My second research interest revolves around the idiom and culture of sustainability or Nachhaltigkeit. In the United States we sometimes struggle to imagine what it takes to become a more sustainable society. Germany is widely regarded as a frontrunner in environmental policy and practice. I have put together an edited volume that explores and contextualizes the German Green policies and practices, with the aim to engender a fruitful transatlantic discussion as to which of these interventions are transferable to the United States. The initial lecture series that produced this body of work was connected to Generation Green, a pilot undergraduate course cross-listed in the Department of Science, Technology & Society (School of Engineering) and the German Department (College of Arts and Sciences). The resultant book, published in Palgrave Macmillan’s Climate, Energy and the Environment Series, targets a broad audience of interested, non-specialist readers. My own contribution explores the German energy revolution with an eye to the country's decision to phase out nuclear power within the next decade. I expect to develop this exploratory essay into a book-length historical study of the German culture of sustainability.

Teaching

Teaching is an enjoyable and rewarding component of my academic work. Neighbors and Enemies, one of my signature courses, explores the tension in Germany between a chauvinist belief in German racial or cultural superiority and moments of genuine openness to strangers. Drawing on a variety of different materials – from history and philosophy to film and literature – the seminar challenges students to consider the construction and deconstruction of images of the “enemy” from different angles. My seminars on German and Jews, Germany and the Environment, and Hitler in History and Fiction also practice the careful multi-disciplinarity that characterizes this course. My larger survey classes include German History, Nazi Germany, and Western Civilization. Together with Kyrill Kunakhovich, I am developing the concept for a large undergraduate lecture course on Fascism in Global Perspective. In general, my teaching gravitates toward a co-creative style of instruction that pays particular attention to the affective logics and representational regimes that shape our understanding of the past. My classes at UVa include:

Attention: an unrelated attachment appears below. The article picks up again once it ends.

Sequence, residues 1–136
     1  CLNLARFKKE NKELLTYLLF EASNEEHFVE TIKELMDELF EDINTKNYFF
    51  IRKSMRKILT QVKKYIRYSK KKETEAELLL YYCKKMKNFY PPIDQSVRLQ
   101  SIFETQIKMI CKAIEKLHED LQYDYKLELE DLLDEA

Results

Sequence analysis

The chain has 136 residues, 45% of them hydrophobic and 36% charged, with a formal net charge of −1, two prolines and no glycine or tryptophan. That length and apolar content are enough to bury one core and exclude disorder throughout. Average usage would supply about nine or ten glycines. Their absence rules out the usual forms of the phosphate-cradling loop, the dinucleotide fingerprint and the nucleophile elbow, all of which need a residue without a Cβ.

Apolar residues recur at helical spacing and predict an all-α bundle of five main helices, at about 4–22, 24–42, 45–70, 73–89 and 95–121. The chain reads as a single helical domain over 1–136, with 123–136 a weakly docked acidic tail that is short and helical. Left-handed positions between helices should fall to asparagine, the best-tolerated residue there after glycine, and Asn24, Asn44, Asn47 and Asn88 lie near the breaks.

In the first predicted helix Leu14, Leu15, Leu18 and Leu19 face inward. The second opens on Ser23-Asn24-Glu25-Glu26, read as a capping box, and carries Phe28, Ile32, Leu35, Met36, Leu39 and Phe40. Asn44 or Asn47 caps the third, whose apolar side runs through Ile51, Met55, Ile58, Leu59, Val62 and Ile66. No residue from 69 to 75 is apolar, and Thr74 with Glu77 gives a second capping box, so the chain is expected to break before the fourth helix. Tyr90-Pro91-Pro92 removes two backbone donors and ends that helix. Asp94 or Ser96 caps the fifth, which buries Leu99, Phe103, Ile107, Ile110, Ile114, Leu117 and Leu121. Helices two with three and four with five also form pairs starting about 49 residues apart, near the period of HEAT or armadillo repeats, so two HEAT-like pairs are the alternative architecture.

• Modern German History (HIEU)
  • Nazi Germany (HIEU and GETR)
  • Hitler in History and Fiction (HIEU and GETR)
  • Germans and Jews (HIEU and Jewish Studies)
  • Democracy and Violence in 20th Century Germany (HIEU)
  • Postwar German Literature and Culture (GETR)
  • Neighbors and Enemies (HIEU and GETR)
  • Western Civilization (1600 to the Present, HIEU)
  • Generation Green: Germany and the Environment (German and STS)
  • German Crime Stories (Deutsche Krimis, GERM)
  • Intermediate German Topics: German History (GERM)

Internet and Popular Press Publications, Media Appearances, and Outreach

In my capacity as the Director of the Center for German Studies at UVa, I have organized and hosted a great number of events on a variety of themes, reaching from the Car and its Future to The Politics of Fear, and Migration, Sanctuary and Belonging,

In response to the white supremacy attacks on Charlottesville in 2017, I have built an ongoing multi-year research and teaching partnership with the Heinrich Böll Foundation North America on Memory, Democracy, and Transformation. This transatlantic initiative invites UVa faculty and students to work with German scholars, artists, and activists on difficult chapters of history from slavery and segregation in the United States to colonialism, genocide, and dictatorship in Germany. The initiative also provides the wider Charlottesville community an opportunity to engage in constructive dialogue on the topic of historical inequality, injustice, and responsibility. Click [here, 2018] and [here, 2019] for documentation and press coverage.

I was a guest on Apropos of Something radio show on October 21, 2017. Co-hosted by Ellen Daniels in Charlottesville and Nancy Laurence in New York City, the interview revolved around the topic of German history and sliding from democracy into dictatorship more generally.

Together with Kyrill Kunakhovich and Nicole Shea, I co-edited a Special Issue of EuropeNow (issue 14, Feb. 2018) on the topic of "Nationalism, Nativism, and the Revolt Against Globalization" The issue featured a Campus Spotlight on UVa and its response to the events of August 11-12, 2017.